History lover that I am, I was thrilled to get a review copy of Susan Wise Bauer’s The History of the Medieval World.
Diving right in, I went out-of-order, not having read The History of the Ancient World; however, they definitely stand alone, and since I was reading about more Medieval-ly topics at the time, this one just neatly slid in next to the others. You never out-grow unit studies!
Like her Story of the World series for elementary grades, history is approached in linear blocks, but with a global scope. I rejoice at this. History didn’t and doesn’t occur in a single-country-vacuum, even before the invention of the internet and pony express, and I like that this interaction is emphasized here. While reading the history of a single country helps you catch a full flavor of the internal developments (vastly important!), it often ignores the larger context, all the ideas that trickle in through war and trade.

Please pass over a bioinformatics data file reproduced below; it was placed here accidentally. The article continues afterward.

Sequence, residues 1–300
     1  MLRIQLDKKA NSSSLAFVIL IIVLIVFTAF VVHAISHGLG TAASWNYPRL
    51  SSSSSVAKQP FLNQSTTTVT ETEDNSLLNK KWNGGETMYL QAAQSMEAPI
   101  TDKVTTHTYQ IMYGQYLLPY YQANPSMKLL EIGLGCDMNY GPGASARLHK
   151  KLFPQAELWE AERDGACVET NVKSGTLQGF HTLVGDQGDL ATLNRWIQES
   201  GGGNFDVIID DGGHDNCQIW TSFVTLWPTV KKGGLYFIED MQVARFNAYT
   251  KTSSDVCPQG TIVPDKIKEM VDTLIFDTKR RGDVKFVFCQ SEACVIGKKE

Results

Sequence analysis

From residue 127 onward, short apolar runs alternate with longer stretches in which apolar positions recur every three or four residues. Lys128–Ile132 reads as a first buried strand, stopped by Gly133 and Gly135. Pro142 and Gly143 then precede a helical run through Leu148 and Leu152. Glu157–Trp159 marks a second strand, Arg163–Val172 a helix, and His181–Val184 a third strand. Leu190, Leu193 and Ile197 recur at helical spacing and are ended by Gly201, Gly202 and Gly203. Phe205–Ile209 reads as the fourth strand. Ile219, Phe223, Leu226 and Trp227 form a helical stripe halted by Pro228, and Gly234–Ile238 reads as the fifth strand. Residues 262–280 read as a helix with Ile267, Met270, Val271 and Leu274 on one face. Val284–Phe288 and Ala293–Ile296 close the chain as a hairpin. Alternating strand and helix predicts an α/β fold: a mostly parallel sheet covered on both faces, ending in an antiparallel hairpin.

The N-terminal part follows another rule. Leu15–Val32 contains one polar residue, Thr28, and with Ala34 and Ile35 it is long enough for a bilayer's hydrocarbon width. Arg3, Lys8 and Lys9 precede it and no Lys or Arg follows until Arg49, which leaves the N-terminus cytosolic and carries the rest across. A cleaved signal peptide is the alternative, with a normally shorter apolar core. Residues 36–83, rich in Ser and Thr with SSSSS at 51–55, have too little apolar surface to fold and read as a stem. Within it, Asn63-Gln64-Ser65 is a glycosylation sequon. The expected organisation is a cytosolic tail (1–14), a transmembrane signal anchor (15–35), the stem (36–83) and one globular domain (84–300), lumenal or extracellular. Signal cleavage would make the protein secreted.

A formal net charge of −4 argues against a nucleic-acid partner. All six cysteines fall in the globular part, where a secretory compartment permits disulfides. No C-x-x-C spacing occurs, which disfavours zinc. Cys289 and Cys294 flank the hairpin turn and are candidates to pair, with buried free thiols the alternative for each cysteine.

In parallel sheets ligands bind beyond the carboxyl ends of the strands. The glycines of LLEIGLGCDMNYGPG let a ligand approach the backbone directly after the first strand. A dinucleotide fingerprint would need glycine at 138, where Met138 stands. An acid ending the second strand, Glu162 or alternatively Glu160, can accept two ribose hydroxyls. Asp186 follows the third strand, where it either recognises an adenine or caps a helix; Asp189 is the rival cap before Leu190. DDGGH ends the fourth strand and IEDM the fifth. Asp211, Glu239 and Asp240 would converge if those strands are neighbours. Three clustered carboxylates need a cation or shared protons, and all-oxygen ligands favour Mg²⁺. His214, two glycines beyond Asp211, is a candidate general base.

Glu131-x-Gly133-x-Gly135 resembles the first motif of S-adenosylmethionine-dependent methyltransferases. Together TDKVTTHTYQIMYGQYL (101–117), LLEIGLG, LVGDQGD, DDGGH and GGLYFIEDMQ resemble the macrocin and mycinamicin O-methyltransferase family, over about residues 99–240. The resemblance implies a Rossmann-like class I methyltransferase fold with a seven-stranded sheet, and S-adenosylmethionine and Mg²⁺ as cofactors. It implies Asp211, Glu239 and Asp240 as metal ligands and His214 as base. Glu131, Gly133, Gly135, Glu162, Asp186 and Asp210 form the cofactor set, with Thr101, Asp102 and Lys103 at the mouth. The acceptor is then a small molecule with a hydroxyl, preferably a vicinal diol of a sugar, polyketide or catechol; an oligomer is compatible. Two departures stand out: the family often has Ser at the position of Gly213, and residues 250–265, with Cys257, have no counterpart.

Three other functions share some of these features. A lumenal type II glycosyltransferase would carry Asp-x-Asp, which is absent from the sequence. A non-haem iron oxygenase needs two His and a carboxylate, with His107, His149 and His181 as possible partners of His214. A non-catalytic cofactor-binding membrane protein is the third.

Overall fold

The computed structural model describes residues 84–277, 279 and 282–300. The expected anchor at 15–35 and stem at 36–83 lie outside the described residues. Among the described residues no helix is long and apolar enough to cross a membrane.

I think of this as a sort of “spine,” reading it alongside lots of biographies to deepen the scope. As various figures were mentioned that sparked my interest, I enjoyed picking up a couple books that focused narrowly on those people/eras—this is an overview, and as such, focuses primarily on the political, “big picture” aspects of history–perfect as an interest-sparking jumping off point.
Moving at a fast clip, each sentence is packed full of information you’ll want (and need) to remember. Her tight phrasing doesn’t allow for any superfluous prose; however, her tone is engagingly-casual, with italic-emphasized words and wry humor–you will NOT get bored.
And my favorite part? We all have our pets in history; I’ve read a bajillion books on Persia and England, fewer on France and the Netherlands, fewer still on India and Germany, and China. You aren’t allowed to sneak around important parts of history with this! Finish it, and you’ll actually be able to remember Old World history in order–with names and dates and events –and know why they’re important.
Late High School-Adult.